Unfortunately that’s a Photoshop edit, not available in the free editing versions… (see more on that below).
4. But adding just a touch of sepia (or ‘temperature’ as some of these programs call it) is!
Much more worthy of a Christmas card!
More on Free Photo Editing Software
You can make nearly all of the edits that I made above in a free photo editing software like Picasa, Picnik or Photoshop Editor. I have each a spin and here are some of my favorite features:
First up is Picasa, a free photo editing software that you download on to your computer (no need for internet) and that automatically uploads every photo on your hard drive into the system. It also connects easily over from Picasa Web Albums if you use this program to store your photos online.
The photo is imported with all of it’s specs (ISO, f-stop, aperture – even a histogram) for those of you looking to see what went well and what can be improved next time you use your manual setting on your camera. The tool allows you to adjust lighting, contrast and exposure (and will even do an auto correct if you’re wanting a quick fix) – but my favorite feature was the ‘Temperature’ which adjusted color to achieve a white balance change or even an allover warm/cool look. I was able to achieve the same semi-sepia look that I did in Photoshop using the Temperature feature.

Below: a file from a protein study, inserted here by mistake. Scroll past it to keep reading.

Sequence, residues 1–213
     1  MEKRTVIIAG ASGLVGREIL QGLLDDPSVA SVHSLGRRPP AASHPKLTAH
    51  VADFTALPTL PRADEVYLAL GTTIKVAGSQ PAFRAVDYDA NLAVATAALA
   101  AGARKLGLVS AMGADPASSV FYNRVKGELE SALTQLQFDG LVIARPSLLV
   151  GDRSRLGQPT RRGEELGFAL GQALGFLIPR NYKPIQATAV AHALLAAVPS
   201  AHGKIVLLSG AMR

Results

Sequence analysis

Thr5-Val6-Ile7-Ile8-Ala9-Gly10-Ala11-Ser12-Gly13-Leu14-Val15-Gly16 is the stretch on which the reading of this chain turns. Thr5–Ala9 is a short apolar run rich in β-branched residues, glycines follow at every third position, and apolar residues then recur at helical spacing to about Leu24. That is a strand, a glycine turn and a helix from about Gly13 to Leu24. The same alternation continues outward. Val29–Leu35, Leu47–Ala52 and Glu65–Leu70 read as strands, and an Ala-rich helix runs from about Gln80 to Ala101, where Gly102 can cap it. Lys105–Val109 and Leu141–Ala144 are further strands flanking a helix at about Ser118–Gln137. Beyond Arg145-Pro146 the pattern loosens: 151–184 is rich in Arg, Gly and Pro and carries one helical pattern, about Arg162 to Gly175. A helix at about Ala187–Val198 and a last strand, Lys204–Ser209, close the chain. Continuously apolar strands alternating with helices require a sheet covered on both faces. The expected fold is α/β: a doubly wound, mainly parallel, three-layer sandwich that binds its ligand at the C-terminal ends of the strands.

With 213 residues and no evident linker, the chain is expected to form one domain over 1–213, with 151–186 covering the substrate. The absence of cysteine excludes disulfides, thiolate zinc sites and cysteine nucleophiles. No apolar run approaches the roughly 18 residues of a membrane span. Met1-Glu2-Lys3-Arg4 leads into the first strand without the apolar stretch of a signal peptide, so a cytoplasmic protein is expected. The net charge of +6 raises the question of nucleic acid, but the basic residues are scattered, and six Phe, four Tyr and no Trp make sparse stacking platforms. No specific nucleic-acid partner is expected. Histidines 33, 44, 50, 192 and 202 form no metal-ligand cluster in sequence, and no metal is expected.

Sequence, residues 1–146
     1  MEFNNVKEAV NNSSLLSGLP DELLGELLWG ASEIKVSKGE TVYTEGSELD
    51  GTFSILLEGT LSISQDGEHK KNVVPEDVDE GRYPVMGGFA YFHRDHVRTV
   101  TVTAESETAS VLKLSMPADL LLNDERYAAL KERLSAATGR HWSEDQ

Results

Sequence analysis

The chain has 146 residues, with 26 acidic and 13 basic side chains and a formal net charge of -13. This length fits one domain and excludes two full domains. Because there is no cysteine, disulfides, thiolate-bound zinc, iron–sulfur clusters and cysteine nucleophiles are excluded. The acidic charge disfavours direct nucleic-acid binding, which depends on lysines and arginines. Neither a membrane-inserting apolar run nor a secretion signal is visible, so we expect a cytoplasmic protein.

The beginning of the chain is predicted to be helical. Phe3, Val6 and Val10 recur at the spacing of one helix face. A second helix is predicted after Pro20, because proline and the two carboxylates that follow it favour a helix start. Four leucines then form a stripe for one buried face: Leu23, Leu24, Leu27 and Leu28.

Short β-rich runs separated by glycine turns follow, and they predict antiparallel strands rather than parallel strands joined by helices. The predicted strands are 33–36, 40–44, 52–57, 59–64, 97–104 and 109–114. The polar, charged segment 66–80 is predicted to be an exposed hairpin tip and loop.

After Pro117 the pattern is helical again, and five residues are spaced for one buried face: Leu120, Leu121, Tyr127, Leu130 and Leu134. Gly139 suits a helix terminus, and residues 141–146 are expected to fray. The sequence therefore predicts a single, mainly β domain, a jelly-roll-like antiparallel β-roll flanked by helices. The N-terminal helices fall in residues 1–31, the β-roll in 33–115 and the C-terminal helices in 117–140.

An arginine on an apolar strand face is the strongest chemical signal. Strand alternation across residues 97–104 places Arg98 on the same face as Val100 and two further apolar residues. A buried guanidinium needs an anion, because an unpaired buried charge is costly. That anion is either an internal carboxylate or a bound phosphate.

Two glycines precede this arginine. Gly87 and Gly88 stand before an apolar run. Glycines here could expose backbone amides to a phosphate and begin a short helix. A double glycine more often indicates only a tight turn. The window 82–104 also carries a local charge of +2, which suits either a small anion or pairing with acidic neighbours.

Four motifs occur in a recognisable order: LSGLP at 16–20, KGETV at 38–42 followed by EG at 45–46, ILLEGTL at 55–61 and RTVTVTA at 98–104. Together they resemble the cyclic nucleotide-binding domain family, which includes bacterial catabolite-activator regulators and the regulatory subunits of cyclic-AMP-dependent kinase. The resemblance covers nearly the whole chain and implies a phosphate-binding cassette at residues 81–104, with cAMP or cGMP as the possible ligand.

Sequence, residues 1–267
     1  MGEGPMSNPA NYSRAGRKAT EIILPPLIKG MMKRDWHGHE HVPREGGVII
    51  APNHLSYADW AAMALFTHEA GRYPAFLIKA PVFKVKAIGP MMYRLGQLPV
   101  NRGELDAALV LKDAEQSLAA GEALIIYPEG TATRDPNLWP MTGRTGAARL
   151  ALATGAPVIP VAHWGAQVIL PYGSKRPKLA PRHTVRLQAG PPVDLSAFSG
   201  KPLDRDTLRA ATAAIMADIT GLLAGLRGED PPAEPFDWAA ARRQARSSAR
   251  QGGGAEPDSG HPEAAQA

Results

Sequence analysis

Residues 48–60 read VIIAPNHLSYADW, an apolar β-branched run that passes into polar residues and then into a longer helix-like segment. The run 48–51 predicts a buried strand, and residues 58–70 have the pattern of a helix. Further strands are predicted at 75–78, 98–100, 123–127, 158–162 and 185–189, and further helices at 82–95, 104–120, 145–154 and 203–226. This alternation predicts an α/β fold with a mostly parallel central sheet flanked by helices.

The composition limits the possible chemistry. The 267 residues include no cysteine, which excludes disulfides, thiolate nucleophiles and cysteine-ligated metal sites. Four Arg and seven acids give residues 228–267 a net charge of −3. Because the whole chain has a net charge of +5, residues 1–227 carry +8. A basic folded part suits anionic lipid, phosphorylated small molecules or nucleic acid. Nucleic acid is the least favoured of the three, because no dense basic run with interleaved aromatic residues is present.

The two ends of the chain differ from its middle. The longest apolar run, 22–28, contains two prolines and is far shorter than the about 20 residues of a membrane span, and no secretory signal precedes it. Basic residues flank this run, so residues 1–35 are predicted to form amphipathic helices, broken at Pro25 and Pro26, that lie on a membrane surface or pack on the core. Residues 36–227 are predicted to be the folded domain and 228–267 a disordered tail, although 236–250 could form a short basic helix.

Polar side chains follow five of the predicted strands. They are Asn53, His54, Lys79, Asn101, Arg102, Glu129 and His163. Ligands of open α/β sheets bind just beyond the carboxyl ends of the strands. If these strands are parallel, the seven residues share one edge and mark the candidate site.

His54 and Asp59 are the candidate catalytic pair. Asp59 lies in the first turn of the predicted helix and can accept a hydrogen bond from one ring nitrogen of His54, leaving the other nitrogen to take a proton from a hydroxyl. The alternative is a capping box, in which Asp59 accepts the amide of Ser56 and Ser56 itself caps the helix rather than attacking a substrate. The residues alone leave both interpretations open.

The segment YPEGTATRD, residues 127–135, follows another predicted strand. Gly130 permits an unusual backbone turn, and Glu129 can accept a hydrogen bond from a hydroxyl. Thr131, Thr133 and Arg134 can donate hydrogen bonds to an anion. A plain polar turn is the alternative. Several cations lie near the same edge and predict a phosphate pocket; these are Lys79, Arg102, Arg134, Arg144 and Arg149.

Picnik is a great little tool that works right on the internet (no editing when you’re not connected though) and probably the most user friendly. You simply upload a photo and you’re immediately presented with a wide range of options just like the above. They have a Temperature tool as well, and also many effects presets. I would say Picnik and Picasa are near identical with the one exception that Picnik allows you to upload a solo file to the internet and Picasa scans your entire computer and becomes your ‘editing software’ that’s on your hard drive.